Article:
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Debut Novelist Stephanie Saulter Talks Facts & Fiction

Stephanie Saulter author of Gemsigns at the Jamaican launch at Bookophilia

Stephanie Saulter’s debut novel Gemsigns isn’t a fairytale, but it’s journey from manuscript to novel seems like one. Gemsigns, which recently had its Jamaican launch, had a gestation of several years, however, Saulter wrote the story in a few months and landed an agent and a publishing deal about three months after completion.  With another revelation sure to make thwarted writers the world over throw down their pens and grab pitchforks, Saulter explains that although she has written two screenplays, she has done little prose writing.  

“I feel as though I’ve cheated slightly, though I haven’t.” Saulter says with a laugh noting that her experience is not typical of the average writer's. “I feel a bit guilty. I’m slightly embarrassed.”

Saulter, Jamaican by birth, migrated to Britain over twenty years ago bur regularly returns to the island. When not putting fingers to keyboard create new worlds, Saulter is a freelance public policy consultant.

Gemsigns could be described as either science fiction or speculative fiction, and Saulter explains that she is happy to allow the novel to live free of the labeling, although she sees the benefits and uses both.

“I’ve always loved speculative fiction. I’ve always loved fiction that makes the point of positing an alternative reality, that lets you think about things that you would struggle to articulate,” she says. “And science fiction is one of the forms that let you do that.”

“I don’t want to reject the term science fiction but when you say science fiction it conjures up ideas that are not true to Gemsigns.” She noted that speculative fiction is a far less loaded term.

“I am a science geek so I love the stuff,” she says. However, she was interested in creating a novel a reader can enter without any love or understanding of science.

“If we ask of our readers, that to enjoy our work, they must themselves be geeks, be techheads then you’re putting up a barrier immediately,”  she explains. “You sort of build a wall for the reader to climb over before they can enjoy your story.”

Gemsigns builds a dystopian world where genetic modification has become normal as humanity tries to claw its way back from near extinction after being ravaged by ‘The Syndrome’ a neurological disease.

Saulter explains how her foray into fiction is indeed built on facts. She reveals a longstanding fascinating with genetic modification and during her undergraduate years had been on a track to working as a geneticist. But she also chose the topic because it is current, though many are only casually aware of the developments, in areas such as agriculture.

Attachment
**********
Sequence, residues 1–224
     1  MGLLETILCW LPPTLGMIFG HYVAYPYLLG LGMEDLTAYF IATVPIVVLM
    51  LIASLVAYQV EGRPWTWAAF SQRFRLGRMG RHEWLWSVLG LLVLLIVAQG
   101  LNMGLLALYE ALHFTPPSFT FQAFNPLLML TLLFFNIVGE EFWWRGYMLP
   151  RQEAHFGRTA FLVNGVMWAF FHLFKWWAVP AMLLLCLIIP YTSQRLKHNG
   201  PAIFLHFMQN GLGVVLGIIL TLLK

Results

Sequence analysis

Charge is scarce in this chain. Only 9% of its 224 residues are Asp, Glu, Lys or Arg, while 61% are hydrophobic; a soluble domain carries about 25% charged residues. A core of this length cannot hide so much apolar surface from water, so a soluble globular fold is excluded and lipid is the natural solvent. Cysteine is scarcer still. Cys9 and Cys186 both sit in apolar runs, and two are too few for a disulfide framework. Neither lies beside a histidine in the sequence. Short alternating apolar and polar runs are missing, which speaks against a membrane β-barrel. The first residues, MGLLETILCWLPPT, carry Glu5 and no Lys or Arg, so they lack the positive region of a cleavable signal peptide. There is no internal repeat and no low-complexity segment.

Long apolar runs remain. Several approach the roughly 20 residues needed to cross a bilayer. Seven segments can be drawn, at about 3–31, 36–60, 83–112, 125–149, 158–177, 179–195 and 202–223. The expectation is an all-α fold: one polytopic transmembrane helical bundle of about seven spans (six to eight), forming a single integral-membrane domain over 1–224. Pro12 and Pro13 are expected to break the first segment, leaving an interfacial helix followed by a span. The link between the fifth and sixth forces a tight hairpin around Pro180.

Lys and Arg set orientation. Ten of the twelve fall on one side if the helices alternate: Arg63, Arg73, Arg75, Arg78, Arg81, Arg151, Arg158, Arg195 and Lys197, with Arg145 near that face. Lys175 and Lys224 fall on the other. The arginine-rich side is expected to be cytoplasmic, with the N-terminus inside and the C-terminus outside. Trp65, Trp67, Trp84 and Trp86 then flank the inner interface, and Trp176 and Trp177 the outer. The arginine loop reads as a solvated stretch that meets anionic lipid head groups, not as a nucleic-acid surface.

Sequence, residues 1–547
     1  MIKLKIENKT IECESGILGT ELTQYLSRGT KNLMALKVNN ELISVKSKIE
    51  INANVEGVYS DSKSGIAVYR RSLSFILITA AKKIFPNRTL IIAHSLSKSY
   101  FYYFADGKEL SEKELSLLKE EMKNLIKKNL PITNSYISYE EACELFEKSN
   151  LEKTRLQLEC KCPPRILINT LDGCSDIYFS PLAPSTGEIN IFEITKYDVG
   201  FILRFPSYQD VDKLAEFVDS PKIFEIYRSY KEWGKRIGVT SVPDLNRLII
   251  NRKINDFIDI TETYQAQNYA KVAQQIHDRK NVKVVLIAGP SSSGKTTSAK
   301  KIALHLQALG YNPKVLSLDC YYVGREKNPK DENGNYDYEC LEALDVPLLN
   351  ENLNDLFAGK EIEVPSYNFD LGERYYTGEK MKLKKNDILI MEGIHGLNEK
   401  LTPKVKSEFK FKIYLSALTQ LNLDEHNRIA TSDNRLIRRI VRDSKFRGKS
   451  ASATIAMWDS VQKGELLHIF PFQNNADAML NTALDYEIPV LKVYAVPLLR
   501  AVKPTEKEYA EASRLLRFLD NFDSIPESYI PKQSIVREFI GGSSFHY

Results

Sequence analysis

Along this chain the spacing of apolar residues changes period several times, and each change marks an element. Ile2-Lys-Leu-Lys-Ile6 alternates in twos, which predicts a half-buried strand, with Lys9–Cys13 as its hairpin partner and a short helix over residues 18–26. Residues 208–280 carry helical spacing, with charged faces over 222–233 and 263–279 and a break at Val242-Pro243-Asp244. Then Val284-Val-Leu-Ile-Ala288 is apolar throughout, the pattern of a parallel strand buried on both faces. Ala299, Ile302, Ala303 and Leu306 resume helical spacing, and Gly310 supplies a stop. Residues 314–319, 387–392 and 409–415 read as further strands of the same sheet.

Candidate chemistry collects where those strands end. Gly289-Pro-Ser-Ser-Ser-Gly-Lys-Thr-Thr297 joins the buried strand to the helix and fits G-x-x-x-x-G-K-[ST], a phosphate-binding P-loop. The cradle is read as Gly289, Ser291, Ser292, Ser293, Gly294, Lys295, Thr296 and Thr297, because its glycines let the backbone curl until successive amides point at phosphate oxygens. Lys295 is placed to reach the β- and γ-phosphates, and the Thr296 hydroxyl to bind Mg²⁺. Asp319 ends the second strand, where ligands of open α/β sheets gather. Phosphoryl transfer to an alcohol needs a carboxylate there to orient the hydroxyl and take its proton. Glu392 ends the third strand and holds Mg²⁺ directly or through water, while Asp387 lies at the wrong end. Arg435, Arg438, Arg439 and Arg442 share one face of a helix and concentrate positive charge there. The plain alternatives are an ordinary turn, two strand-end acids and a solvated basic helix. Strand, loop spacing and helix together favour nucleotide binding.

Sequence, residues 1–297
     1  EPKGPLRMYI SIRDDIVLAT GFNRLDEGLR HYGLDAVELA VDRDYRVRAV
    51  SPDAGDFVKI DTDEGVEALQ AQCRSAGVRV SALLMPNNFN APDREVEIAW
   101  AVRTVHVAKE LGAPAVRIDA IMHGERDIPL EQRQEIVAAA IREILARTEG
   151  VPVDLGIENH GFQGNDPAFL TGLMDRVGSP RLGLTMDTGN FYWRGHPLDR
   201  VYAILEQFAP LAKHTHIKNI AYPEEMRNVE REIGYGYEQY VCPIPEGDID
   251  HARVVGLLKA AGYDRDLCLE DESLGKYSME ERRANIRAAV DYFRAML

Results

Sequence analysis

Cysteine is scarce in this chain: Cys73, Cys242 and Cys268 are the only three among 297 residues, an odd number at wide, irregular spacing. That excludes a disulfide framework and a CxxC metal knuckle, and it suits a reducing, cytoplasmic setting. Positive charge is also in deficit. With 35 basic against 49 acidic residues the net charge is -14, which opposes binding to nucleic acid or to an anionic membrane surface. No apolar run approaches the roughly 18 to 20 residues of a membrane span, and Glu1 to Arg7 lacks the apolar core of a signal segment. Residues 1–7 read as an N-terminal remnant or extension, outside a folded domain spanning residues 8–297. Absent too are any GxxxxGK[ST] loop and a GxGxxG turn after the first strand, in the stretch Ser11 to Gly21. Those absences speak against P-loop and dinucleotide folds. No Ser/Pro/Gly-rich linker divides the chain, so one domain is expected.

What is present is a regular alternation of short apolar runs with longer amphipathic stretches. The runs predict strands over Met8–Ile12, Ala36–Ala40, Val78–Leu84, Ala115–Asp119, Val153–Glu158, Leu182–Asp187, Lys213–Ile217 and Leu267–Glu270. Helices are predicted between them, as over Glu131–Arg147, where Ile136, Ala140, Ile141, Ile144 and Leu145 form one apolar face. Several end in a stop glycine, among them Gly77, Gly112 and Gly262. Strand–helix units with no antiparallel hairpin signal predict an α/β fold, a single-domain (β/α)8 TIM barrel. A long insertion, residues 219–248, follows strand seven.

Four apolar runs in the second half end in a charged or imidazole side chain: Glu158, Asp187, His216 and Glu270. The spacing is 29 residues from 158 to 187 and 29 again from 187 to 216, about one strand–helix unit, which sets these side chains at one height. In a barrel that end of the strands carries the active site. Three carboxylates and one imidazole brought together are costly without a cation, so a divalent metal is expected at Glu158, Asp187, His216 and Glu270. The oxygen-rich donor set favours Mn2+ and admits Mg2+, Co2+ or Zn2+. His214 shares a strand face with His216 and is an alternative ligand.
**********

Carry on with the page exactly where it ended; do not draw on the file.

“Ive realized that the things that are most impactfull are the ones that sneak up on you,” she says. “The ones that aren’t in the public mind, that people don’t clearly see coming. So I’m fascinated by the potential of that.”

Saulter says that many significant events in human history have been incremental, even when they seemed to have come out of a singular big bang, and that although many don’t think about it development in biotechnology is happening at an incredible pace.

“What fascinates me is ‘where could that potentially go” and “what would it take to remove the inhibitions we think we have against certain types of genetic modification in humans,” she says. “You think there are things you’d never do until it’s your only choice.”

The Saulters show their support for the Gemsigns launchSaulter explains that she has received a tremendous amount of attention for the novel locally and admits to being gobsmacked at the level of interest. She also admits that some of this local attention comes from what she describes as the “contact glamour” from her younger brother, director Storm Saulter (Better Must Come).

She says Gemsigns has much Caribbean people can identify with. The novel deals with displacement, otherness, normalcy, family, and post-emancipation. She also argues that the book does bear the influence of her coming from a Jamaican “palate”, it reflects interests that go beyond that, defying the notion that artists from developing countries must limit their interests to those countries.

“Gemsigns in a way was me writing a book that I wanted to read but couldn’t find,” she says. “I want people to come to it open armed and open eyed and open hearted, though not everyone will love it.”